Daily Israel Report

FBI Says Foreign Spies Infecting US Campuses

Foreign countries are exploiting their increasing number of students in the United States as well as US students abroad to spy.
By Tzvi Ben Gedalyahu
First Publish: 4/10/2012, 7:48 PM

Research or spy?
Research or spy?
Israel news photo: Flash 90

Foreign countries are exploiting their increasing number of students in the United States as well as U.S. students abroad to spy, according to a comprehensive report by Bloomberg News.

“We have intelligence and cases indicating that U.S. universities are indeed a target of foreign intelligence services,” Frank Figliuzzi, Federal Bureau of Investigation (FBI) assistant director for counterintelligence earlier this year.

The reports of spying on the United States is in addition to Muslim academics' activities against Israel and often promoting terror.

Bloomberg News singled out several universities where apparent spying or spy plots were uncovered.

A federal survey has revealed that “foreigners on temporary visas made up 46 percent of science and engineering graduate students at Georgia Institute of Technology and Michigan State and 41 percent at Massachusetts Institute of Technology” according to the newspaper.

Foreign intelligence agencies find universities an “ideal place to find recruits, propose and nurture ideas, learn and even steal research data, or place trainees,” according to a 2011 FBI report.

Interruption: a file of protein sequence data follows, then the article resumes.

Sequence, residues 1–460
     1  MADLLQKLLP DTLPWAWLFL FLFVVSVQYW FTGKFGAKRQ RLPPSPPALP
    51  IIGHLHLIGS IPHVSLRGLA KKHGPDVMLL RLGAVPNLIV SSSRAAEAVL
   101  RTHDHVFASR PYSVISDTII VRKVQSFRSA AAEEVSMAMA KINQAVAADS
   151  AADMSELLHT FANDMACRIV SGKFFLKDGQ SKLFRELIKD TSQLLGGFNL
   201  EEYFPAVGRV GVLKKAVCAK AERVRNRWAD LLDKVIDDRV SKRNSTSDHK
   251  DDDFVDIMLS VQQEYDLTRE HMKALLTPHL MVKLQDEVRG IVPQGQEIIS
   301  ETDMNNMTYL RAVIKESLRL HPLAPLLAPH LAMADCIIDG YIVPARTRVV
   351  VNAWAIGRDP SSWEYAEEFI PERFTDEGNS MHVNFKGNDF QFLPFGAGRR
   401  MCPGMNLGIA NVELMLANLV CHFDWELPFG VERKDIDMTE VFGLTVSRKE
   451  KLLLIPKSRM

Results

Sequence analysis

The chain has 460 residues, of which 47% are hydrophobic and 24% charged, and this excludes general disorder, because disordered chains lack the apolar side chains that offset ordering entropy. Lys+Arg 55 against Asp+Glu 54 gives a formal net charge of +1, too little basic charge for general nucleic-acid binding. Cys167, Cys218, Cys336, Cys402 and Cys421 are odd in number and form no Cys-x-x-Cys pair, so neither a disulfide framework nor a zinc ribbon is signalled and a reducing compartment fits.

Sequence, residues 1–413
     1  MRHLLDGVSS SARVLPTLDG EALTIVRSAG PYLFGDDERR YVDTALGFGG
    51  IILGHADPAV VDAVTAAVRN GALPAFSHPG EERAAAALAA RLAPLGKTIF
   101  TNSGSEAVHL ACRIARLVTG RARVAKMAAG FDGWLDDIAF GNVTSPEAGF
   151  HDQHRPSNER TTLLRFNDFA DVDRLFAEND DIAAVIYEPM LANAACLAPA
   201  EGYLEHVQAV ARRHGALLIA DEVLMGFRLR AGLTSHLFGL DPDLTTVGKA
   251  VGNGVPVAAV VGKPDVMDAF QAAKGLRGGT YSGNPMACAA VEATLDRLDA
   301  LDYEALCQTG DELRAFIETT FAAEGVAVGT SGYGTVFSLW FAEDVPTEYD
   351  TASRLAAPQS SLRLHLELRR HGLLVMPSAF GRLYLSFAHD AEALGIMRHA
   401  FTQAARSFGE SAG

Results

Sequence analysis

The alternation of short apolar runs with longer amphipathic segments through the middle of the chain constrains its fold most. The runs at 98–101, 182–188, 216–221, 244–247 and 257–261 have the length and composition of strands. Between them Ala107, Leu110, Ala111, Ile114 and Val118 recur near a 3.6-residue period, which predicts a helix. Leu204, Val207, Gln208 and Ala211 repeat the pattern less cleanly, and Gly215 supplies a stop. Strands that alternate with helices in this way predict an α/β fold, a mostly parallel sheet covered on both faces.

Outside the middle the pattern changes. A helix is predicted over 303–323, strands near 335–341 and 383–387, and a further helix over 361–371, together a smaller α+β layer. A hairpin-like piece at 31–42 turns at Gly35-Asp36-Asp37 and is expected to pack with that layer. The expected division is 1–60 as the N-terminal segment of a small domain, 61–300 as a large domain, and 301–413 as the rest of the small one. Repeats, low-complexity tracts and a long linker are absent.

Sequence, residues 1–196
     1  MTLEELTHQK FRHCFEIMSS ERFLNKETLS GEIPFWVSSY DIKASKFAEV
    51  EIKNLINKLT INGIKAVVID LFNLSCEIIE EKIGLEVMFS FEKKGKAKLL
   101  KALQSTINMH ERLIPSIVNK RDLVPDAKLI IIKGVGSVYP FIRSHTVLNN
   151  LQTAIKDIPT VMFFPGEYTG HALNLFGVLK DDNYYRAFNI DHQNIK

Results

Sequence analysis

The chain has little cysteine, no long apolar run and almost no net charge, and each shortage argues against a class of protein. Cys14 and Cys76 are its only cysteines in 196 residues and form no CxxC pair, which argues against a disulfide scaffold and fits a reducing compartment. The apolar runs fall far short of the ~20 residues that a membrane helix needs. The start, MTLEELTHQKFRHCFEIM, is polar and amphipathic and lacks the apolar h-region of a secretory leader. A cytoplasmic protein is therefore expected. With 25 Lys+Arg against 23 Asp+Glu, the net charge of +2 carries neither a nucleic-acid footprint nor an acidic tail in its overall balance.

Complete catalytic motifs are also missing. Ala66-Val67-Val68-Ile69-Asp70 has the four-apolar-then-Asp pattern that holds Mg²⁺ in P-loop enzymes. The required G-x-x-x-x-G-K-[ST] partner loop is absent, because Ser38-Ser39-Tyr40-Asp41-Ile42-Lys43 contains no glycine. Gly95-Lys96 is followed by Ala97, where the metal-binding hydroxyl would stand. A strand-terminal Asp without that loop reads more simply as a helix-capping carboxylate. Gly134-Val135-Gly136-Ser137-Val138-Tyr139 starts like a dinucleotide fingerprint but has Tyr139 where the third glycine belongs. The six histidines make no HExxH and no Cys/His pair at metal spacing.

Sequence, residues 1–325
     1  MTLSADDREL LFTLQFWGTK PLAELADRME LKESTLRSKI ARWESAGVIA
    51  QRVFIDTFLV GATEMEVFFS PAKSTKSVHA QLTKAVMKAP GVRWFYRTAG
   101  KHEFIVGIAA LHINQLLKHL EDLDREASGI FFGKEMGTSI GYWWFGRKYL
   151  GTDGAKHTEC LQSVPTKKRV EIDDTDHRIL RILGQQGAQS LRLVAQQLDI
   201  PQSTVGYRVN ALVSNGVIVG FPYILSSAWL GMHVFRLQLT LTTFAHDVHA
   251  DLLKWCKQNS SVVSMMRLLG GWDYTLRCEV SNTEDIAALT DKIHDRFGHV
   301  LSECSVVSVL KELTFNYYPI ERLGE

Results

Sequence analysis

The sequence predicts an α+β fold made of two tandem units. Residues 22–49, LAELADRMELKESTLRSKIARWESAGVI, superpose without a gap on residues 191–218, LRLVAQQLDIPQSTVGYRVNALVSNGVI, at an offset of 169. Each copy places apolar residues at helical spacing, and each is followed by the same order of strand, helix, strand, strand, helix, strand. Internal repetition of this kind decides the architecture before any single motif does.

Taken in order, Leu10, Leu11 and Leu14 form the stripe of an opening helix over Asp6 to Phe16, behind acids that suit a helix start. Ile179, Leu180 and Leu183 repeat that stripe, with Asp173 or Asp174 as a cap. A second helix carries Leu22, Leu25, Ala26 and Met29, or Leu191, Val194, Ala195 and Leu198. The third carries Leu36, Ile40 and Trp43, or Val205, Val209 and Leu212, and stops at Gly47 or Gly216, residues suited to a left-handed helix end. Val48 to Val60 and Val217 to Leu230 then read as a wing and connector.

One example cited in the report was an Asian graduate student who arranged for researchers in his home country to visit an American university and take unauthorized photos of equipment for the purpose of copying its construction.

In another case, Michigan State University contacted federal officials when a Dubai-based company offered a large sum of money, setting off concerns that the source might be connected with Iran and place the university in violation of sanctions. An Iranian connection was not proven, but the university decided to turn down the offer of $3.7 million and sacrifice an undergraduate program.

Figliuzzi said the FBI and universities are cooperating to counter attempts by foreign countries, particularly China, to obtain classified information through academic research.

“Placing academics at U.S. research institutions under the guise of legitimate research offers access to developing U.S. technologies and cutting-edge research," the FBI report stated.

A University of Michigan professor told Bloomberg News that he has granted several requests from Chinese scientist Yu Xiaohong to study with him. However, the woman scientist’s Beijing address is the same as the Academy of Equipment Command & Technology, “where instructors train Chinese military cadets and officers.”

Feeling uncomfortable, the professor stopped accepting the requests from the Chinese scientist.

“It was pretty clear to me that the stuff she was interested in probably had some military satellite-orbit applications,” he told Bloomberg. “Once I saw that, I didn’t really tell her anything new, or anything that couldn’t be published. I didn’t engage that deeply with her.”

At Stanford University, more than half of its doctoral candidates in the physical sciences and engineers are foreigners.   

Foreign companies also have paid American students abroad to spy for them. One student from Michigan was sentenced to four years in jail for conspiring to provide national defense information to Chinese intelligence agents, in return for more than $70,000.